Claire J. Standley

Mass-gathering decision making and its implementation during the COVID-19 pandemic

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The Lancet
Publication Type
Article

Mass-gathering events are a public health challenge and have the potential to amplify the transmission of infectious diseases. During the COVID-19 pandemic, WHO and the Johns Hopkins Center for Health Security (Johns Hopkins University, Baltimore, MD, USA)—a WHO Collaborating Centre for Global Health Security—developed a global database of mass gatherings, which we continue to maintain. The purpose of this database is to monitor the planning and execution of mass-gathering events and to document the uptake of WHO-recommended policies by organisers; for example, the use of a risk-based approach.

Authors
Amaia Artazcoz Glaria
Albis Francesco Gabrielli
Rebecca Grant
Nedret Emiroglu
et al.

Building Case Investigation and Contact Tracing Programs in US State and Local Health Departments: A Conceptual Framework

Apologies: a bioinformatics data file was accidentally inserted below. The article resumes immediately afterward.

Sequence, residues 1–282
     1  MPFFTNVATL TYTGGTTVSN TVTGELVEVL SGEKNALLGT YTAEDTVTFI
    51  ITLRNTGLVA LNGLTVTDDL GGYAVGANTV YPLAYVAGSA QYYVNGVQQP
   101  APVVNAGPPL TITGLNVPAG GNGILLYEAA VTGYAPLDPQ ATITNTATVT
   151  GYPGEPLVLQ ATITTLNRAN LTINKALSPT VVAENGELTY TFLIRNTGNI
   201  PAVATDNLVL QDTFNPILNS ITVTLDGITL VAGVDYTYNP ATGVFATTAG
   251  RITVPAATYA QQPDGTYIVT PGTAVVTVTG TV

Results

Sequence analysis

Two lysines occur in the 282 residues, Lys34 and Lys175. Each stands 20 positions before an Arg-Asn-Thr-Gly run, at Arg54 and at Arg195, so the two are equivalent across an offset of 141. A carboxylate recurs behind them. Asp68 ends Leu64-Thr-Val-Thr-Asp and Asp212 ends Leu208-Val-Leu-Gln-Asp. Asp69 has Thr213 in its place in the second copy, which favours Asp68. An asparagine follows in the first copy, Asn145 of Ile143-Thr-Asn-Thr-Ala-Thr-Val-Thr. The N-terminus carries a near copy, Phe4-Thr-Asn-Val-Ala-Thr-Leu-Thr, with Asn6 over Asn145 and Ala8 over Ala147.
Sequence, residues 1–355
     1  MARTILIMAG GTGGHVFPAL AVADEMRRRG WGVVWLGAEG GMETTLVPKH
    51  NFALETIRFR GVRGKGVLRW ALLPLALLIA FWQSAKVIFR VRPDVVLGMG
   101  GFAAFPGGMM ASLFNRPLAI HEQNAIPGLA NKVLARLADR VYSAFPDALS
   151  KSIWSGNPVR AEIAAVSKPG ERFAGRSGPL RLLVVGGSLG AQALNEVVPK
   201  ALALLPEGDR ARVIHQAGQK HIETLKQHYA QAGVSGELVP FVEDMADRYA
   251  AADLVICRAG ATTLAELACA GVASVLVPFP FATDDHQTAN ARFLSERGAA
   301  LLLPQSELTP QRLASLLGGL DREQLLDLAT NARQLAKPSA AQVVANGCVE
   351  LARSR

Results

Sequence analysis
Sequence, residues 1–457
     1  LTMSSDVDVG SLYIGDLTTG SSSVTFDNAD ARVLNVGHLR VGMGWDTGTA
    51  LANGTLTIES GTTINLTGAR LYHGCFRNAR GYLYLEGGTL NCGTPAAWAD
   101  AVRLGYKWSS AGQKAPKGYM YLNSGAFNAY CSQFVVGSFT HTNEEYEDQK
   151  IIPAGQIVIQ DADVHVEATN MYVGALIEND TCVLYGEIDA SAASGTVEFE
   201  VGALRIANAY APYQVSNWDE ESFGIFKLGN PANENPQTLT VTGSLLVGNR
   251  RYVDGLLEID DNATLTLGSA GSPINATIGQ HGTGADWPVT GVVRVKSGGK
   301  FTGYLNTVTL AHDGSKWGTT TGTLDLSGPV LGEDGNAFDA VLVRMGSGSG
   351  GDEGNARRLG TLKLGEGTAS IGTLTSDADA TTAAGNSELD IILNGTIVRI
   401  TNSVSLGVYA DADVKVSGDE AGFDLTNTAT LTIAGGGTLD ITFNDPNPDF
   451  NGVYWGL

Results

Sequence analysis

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Disaster Medicine and Public Health Preparedness
Publication Type
Article

At the onset of the COVID-19 pandemic, and to this day, US state, tribal, local, and territorial health departments lacked comprehensive case investigation and contact tracing (CI/CT) guidelines that clearly define the capabilities and capacities of CI/CT programs and how to scale up these programs to respond to outbreaks. This research aims to identify the capabilities and capacities of CI/CT programs and to develop a conceptual framework that represents the relationships between these program components.

Authors
Alexandra Woodward

Advancing Governance Frameworks for Frontier AIxBio: Key Takeaways and Action Items from the Johns Hopkins Center for Health Security Meeting with Industry, Government, and NGOs

Publication Type
Meeting Report